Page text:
After connecting Johns Arduino I proceeded to try printing the large Yoda I had fail time and time again using my 1280 and Marlin. To my surprise it made it far past the point at which it had been failing when I realized I did not have enough filament to finish. Expecting to have a communication error and not wanting to waste new filament I started inserting short lengths of various PLA I had lying around into the extruder one after another. The result was a large rainbow yoda.
The results were far better than I was expecting for such an early print and very little calibration. I am attributing this to the quality of code being produced by Slic3r and the look-a-head in marlin.
It was now time to see how fast I could go without losing quality. I used Le_garages Grotux and printed it with four perimeters and various speeds until I found the sweet spot of between 80 and 125mm/s for print moves.
I quickly found the need for a fan so I designed a simple fan mount to hold a 40mm fan to the side of the machine. Here it is printing at 80mm/s perimeter with 200mm/s travel speed. It has a bit of ooze still at this point in the tuning.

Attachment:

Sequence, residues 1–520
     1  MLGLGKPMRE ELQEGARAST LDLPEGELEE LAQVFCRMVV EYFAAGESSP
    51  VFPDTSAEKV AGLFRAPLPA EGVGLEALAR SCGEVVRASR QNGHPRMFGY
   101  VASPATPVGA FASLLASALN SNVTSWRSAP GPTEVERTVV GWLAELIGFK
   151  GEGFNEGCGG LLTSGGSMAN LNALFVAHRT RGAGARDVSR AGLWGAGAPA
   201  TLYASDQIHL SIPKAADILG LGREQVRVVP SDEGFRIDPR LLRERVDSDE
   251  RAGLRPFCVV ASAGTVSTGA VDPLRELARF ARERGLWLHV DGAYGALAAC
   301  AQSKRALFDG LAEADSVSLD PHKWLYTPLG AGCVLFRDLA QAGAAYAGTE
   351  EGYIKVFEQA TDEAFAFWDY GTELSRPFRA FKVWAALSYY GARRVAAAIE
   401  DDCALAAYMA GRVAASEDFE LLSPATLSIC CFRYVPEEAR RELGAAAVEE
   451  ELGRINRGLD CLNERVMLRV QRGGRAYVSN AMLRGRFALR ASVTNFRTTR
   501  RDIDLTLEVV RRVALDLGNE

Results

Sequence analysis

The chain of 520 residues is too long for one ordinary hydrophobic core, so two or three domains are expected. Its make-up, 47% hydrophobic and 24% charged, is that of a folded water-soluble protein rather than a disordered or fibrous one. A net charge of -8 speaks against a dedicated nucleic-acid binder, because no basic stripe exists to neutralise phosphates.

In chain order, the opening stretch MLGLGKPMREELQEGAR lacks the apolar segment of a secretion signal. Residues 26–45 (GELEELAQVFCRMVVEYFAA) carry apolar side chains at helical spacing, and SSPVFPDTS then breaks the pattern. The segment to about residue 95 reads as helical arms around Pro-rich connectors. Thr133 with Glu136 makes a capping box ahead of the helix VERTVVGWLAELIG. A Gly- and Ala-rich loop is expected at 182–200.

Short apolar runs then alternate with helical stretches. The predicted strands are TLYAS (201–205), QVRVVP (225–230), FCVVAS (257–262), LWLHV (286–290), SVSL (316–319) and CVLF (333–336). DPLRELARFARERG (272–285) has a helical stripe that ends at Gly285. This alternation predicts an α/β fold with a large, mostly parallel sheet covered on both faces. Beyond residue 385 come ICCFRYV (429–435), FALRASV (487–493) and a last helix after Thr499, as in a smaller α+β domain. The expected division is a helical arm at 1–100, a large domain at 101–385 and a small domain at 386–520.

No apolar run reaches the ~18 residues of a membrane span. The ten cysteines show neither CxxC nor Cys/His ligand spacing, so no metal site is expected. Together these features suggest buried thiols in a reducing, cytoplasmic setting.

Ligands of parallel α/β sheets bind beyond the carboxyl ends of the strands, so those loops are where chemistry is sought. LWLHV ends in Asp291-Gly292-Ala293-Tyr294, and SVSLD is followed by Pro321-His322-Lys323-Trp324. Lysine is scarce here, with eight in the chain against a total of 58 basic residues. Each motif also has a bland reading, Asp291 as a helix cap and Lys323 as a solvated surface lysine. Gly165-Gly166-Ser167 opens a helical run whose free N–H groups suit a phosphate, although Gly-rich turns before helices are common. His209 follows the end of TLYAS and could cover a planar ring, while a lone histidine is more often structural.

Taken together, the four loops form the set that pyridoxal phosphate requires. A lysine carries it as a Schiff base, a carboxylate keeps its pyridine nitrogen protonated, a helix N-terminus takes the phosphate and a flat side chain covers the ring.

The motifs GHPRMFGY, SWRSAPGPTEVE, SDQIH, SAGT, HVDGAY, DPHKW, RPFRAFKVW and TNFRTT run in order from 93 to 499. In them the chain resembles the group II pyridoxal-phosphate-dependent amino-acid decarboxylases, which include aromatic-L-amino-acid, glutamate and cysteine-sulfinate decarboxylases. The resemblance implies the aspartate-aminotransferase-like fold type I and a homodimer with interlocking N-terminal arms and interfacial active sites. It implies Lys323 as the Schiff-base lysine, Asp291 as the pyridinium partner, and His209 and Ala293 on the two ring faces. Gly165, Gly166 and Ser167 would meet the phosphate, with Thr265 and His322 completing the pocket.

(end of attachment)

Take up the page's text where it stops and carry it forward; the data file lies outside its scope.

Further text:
As you can see from the following picture it is almost impossible to print small parts at these speeds without a fan or cooling (first one). The second one is with the fan added. The third and fourth are the combined results of the fan and Slic3rs brand new cool feature.
I also decided to try and tune the advance feature in Marlin with very poor results. The picture shows the average result whenever the advance K is set enough to deal with the hysteresis. (edit: these were done at 200mm/s)
Instead of wasting plastic printing more cubes or toys to tune the retract and acceleration I decided to use Prusa parts.
So far the results are far exceeding my expectations and I will be moving on to the Beta testing stage now with John Biehler being the first to print the Beta 0.1 in ABS on his Thing-o-matic.